BERKELEY -- Generally, college Pro Days are reserved for giving graduating seniors who may not be high on most draft boards the chance to strut their stuff and maybe draw enough attention to get a free agent contract at the least, and consideration for a late-round pick at the most. Wide receiver Jeremy Ross perhaps helped his cause the most among former Cal players on Wednesday, running a 40-yard dash that was hand-timed as low as 4.39 seconds, though the most consistent number was a 4.46.
"I think I did well," Ross said. "I think I came out here and showed the scouts a lot. I've been training every day for that 40, getting after it. I've been working on my starts on my own, trying to get that drive phase down. We definitely critiqued it, every single day, because I knew that was going to be very important. All the other drills are important, but that one right there is the one. That (4.39) was my best time. The last time I ran one, was 2007 or 2008, and I ran a 4.41."
Ross looked to run one of the smoother three-cone drills out of the skill position players, but he wasn't entirely satisfied, particularly given the state of the newly-laid turf on Witter Rugby Field, which still has more than a few lumps to be ironed out.
"It kind of lumped up, the field was kind of uneven, as far as the bumps and stuff, so that was a big concern," Ross said. "I was concerned about the 40 time because the turf was thicker. The field that we used to go on back down there (in Memorial Stadium) was a lot more cut and the one in Indy is more cut, so I was kind of figuring out how I was going to run on this surface.
"I think I ran well. The agility drills, I wasn't too satisfied with how I did there, with the conditions of the field. Then, they brought out a ginormous cone out there that we hadn't practiced with (on the three-cone drill), but, other than that, I think I performed well. I ran good routes, caught the ball really well, so I think I did well for myself."
The turf's lumps also hindered Ross in the shuttle, where he ran a disappointing 4.2, but ran a 6.71 in the three-cone drill and posted one of the best vertical leaps of the former Bears participating in the measureables portion of the event at 39 inches. He jumped 10-foot-2 in the broad jump, but stumbled backwards just a bit as he landed and recorded an official distance of 9-foot-7. On the bench, Ross put up 225 pounds 22 times.
"I didn't have the biggest numbers this year," said Ross, who caught 18 balls for 210 yards and rushed nine times for 91 yards and two scores. "Coming out here gives me a great opportunity to showcase what I can do. They can see me in person, put me through whatever they want to see, whatever their offense is geared towards. It was definitely a great opportunity for me to show what I can do."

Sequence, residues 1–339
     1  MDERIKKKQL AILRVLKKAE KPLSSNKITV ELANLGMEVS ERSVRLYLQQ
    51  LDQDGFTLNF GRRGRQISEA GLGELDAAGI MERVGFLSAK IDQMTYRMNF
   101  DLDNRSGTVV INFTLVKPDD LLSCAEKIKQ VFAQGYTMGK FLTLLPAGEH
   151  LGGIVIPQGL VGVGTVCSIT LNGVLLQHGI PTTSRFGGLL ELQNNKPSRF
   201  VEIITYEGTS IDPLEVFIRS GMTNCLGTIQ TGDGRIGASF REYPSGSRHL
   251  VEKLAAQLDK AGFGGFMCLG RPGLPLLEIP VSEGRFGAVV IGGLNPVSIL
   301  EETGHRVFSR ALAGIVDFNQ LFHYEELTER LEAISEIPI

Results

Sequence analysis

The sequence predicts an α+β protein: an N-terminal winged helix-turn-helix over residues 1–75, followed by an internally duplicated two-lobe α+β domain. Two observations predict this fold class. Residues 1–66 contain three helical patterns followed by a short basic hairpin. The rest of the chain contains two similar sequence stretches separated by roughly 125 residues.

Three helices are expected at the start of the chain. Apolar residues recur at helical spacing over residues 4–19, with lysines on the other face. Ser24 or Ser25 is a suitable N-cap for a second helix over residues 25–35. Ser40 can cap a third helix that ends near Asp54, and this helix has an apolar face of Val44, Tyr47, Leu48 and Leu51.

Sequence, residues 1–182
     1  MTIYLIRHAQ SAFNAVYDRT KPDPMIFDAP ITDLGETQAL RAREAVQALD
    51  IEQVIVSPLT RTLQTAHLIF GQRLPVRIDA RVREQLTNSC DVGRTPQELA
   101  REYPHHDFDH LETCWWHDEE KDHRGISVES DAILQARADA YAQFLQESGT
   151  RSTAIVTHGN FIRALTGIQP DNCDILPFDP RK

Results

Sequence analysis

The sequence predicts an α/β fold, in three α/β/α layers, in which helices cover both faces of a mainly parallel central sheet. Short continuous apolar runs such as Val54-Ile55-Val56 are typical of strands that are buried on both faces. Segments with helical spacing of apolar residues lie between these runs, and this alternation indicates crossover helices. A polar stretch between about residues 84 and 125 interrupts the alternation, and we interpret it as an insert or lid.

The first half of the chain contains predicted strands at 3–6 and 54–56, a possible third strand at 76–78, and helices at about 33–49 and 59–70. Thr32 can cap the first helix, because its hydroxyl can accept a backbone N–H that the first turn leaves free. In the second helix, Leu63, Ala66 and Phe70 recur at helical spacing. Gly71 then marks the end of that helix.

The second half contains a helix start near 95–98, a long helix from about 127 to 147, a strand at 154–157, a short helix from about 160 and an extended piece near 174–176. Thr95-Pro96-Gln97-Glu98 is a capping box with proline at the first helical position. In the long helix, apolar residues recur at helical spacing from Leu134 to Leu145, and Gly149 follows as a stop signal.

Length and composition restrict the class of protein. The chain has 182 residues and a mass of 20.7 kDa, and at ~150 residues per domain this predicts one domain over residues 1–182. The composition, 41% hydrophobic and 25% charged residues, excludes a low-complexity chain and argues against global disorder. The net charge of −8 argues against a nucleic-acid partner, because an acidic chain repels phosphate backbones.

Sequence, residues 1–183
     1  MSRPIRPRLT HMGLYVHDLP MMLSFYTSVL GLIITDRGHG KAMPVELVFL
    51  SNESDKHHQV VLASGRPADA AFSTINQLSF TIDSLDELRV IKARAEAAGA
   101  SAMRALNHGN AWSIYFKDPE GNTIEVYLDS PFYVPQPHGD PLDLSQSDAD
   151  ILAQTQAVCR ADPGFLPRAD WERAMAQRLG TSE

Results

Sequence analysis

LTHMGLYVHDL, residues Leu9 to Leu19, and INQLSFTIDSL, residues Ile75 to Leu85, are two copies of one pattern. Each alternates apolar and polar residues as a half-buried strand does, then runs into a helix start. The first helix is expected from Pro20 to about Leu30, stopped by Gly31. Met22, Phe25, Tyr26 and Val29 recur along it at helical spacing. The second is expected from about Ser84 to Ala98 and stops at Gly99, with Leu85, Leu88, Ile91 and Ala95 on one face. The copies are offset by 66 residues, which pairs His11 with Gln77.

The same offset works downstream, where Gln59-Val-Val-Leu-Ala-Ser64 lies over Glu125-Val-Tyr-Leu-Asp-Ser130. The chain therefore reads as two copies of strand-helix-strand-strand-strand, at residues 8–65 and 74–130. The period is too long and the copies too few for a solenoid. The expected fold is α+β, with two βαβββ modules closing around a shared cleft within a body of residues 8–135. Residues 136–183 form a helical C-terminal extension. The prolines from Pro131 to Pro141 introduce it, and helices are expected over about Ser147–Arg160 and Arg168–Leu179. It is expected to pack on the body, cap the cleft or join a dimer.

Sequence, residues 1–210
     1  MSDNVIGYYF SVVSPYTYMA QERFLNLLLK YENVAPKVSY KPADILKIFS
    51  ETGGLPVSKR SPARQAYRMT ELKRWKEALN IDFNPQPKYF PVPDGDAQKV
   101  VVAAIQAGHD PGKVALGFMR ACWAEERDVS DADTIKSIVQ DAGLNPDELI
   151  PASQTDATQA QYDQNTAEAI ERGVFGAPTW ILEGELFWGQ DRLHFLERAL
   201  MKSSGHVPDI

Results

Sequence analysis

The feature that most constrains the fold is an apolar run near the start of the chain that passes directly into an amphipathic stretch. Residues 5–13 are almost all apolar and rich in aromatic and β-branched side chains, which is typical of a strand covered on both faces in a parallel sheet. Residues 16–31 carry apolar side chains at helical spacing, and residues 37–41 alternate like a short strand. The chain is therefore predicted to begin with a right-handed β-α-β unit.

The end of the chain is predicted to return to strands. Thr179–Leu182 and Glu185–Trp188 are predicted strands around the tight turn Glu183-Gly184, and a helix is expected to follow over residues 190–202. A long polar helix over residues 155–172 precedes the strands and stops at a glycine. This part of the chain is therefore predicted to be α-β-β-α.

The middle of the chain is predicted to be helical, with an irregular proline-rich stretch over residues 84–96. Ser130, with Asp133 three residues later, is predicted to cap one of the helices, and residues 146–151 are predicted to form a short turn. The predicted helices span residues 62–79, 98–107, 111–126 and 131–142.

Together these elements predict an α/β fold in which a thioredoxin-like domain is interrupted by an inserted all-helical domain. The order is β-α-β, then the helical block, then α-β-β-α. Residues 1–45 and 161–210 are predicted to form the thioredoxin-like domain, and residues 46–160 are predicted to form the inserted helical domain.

Sacramento native has been preparing for months for this day, and it showed in his physique.
"I've definitely put on a lot of muscle," said Ross, who weighed in at 209 pounds. "My body fat went down, and I'm definitely a lot more lean coming in. Coach (Mike) Blasquez has us on-point with the training regimen that we're on."
Ross' situation is not dissimilar from that of Verran Tucker, who wowed scouts at last year's Pro Day, went undrafted, signed a free agent contract with the Dallas Cowboys, was cut three months later and then wound up playing in the NFL this past season for the Kansas City Chiefs.
"I see him, and I kind of know how we match up," Ross said. "I've seen him practice. I know the guy. Seeing him going into an organization and doing a great job definitely gives me a lot of confidence that maybe I could do this, too."
The San Francisco 49ers will hold a workout for several local prospects on March 20, and Ross will be in attendance. He is also planning on going up to Seattle soon to work out for the Seahawks and their bevy of former Cal stars, including Marshawn Lynch, Justin Forsett, Mike Gibson, Cameron Morrah and Brandon Mebane.
"I'm going to go up there, check their place out," Ross said. "Eventually, that whole team will be Cal, but who knows what will happen."
Ross holds no illusions of being drafted in the early rounds, but he reserves the right to be surprised by a late-round pick or a free agent signing.
"It could go both ways," Ross said. "I definitely think I could slip into the draft, but it depends on what teams are looking for, what teams really like me, what teams are out here and if they were pleased with what I did. I definitely think I could slip into the draft somewhere, but it could work out as a free agent. I just talked to a couple teams who said I could be a possible free agent with them, but you never know, with other teams, how it works out."
Part of Ross' training has been done on the East Coast, at Test Force Academy in New Jersey.
"They taught me a lot of technical things, and I definitely grew a lot with form, and some of the things that they taught me, I brought here," Ross said. "Along with what I've done with Coach Blasquez, I've kind of combined the two."
After the workout, several teams approached Ross to inquire about tryouts. As of now, Ross is still training with Blasquez and working towards his degree in Social Welfare, which he will complete in time to graduate in May.